It takes 40 gallons of maple sap to make one gallon of syrup. He used two gallons of syrup for his Rum run. That means he had to collect 80 gallons of sap from the trees around his hollow. I know for a fact that last winter was a rough one here and there were many days he couldn’t get up the mountain to collect sap from his taps. But he got enough.
He used two 6 gallon fermenting buckets and dumped a gallon of syrup into each bucket. To each bucket he added 4 gallons of raw sap. Normally, if using a grain mash, plain water would have been added. Sap is mostly water but he wanted to make sure he retained the flavor of the maple for his Rum. So this is what he did.
He netted 2 liters of 160 proof Rum. Rum that strong would burn your insides out, so this high proof result is generally cut with water to make it drinkable and pleasant. He cut it down to about 90 proof, pretty much what you buy in a bottle of Rum from the liquor store.
He doesn’t have any wooden casks in which to age his moonshine products. Instead, he chars small chunks of wood from the trees from his own land and he adds some of this to the alcohol. He charred maple wood with his propane torch and added these to the bottles of Rum. He let it age for a month or two before removing them.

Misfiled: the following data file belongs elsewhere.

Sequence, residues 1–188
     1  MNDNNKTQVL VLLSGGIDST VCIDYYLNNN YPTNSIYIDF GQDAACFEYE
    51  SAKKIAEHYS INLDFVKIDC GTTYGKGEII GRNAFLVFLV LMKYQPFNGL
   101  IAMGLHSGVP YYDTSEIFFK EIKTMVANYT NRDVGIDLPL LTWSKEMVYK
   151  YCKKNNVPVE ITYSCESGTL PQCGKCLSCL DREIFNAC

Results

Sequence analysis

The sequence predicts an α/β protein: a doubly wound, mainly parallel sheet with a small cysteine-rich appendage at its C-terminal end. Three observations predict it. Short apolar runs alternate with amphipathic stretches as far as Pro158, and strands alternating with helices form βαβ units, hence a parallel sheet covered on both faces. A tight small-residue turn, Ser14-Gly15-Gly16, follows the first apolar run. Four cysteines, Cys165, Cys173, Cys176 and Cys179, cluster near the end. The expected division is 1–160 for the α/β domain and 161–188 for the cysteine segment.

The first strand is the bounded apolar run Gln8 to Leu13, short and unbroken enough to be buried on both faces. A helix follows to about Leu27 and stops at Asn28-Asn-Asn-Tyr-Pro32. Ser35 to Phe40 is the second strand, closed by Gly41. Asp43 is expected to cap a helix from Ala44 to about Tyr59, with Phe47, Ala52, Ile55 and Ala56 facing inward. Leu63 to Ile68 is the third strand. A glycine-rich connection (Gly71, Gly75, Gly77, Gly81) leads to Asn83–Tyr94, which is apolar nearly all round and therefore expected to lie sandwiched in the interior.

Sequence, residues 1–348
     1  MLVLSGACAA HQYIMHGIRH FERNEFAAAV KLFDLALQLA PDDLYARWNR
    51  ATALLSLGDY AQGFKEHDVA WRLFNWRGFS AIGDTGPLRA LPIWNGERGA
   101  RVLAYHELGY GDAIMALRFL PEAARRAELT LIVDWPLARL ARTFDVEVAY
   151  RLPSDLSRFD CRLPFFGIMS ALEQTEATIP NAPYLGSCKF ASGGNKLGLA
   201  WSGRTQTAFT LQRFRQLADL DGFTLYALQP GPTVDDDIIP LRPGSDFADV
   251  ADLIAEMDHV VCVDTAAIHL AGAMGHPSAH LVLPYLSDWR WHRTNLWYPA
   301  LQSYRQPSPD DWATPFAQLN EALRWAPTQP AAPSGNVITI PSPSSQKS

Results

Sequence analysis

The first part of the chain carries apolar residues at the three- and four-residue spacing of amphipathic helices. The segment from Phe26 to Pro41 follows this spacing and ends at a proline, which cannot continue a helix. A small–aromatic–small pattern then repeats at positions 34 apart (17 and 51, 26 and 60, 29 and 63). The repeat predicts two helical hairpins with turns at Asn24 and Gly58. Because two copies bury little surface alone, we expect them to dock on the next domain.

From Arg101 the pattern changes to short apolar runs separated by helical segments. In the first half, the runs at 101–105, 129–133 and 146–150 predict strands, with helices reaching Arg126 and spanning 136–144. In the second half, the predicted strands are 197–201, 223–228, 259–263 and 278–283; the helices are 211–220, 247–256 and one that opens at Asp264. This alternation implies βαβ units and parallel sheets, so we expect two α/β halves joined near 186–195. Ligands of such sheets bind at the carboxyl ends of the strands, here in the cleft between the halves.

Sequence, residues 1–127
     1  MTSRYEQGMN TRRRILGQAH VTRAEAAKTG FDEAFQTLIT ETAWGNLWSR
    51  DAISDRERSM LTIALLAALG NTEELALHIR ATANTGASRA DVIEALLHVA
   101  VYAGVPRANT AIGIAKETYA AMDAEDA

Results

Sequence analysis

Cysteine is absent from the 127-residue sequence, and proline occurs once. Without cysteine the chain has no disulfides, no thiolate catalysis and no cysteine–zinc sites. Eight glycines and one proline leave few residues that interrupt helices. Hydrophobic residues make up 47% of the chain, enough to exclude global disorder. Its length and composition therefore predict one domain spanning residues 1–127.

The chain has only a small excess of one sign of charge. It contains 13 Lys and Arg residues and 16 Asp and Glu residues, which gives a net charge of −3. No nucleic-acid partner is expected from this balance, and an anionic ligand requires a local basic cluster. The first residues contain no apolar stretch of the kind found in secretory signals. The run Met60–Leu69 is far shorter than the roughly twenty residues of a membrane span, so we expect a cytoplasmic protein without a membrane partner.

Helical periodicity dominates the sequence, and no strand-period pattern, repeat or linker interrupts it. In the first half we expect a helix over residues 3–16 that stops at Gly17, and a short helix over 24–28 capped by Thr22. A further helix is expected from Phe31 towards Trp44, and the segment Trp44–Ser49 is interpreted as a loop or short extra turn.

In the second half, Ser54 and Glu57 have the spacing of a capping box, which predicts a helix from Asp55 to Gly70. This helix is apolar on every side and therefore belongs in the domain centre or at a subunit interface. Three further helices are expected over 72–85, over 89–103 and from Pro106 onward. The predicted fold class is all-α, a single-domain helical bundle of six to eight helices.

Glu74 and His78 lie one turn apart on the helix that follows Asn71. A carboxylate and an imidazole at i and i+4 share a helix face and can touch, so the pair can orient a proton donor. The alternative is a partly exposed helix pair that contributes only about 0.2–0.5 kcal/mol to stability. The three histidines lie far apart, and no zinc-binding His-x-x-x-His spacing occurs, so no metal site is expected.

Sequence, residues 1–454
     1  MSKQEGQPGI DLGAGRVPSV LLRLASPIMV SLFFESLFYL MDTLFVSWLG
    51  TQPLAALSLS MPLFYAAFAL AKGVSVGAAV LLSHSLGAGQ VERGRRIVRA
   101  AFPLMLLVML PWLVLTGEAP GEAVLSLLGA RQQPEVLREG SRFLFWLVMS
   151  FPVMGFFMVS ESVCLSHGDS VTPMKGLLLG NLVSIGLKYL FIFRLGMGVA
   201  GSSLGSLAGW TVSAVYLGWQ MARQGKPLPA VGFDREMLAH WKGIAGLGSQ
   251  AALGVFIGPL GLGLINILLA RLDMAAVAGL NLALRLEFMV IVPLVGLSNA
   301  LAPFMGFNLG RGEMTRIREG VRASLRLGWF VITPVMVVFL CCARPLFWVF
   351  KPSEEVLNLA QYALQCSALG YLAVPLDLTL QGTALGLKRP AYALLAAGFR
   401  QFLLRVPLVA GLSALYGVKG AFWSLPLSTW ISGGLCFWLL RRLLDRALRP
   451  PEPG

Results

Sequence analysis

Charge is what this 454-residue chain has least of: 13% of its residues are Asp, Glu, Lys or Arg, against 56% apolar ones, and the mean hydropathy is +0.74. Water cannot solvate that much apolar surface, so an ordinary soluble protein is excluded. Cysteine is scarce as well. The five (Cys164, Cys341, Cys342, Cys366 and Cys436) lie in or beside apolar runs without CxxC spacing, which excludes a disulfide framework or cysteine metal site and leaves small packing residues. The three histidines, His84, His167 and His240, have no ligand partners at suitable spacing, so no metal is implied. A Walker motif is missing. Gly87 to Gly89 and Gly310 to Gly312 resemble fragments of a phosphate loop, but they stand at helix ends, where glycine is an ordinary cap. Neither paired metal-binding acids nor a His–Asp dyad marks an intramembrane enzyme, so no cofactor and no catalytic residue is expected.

So would he do this again? Was it worth it? Although the Rum was tasty, in his opinion it didn’t quite have the maple taste that he thought it would have. There is a really specific taste to maple syrup that is almost poetic. It’s hard to describe - woody, fruity with a hint of vanilla - a one of a kind flavor. He did add some maple syrup to one bottle which technically made that a “cordial,” not a Rum. It was still good. He said he took two bottles to a party and they were drained in a flash.
There was a lot of work involved in making the maple Rum from the ground up so to say but the final result could have been attained by just adding some good strong maple syrup or maple extract to grain alcohol for maple taste with a kick. As well as I can tell, he’s decided to continue making moonshine, but with grains or fruits, not sap. He’ll save the syrup for pancakes.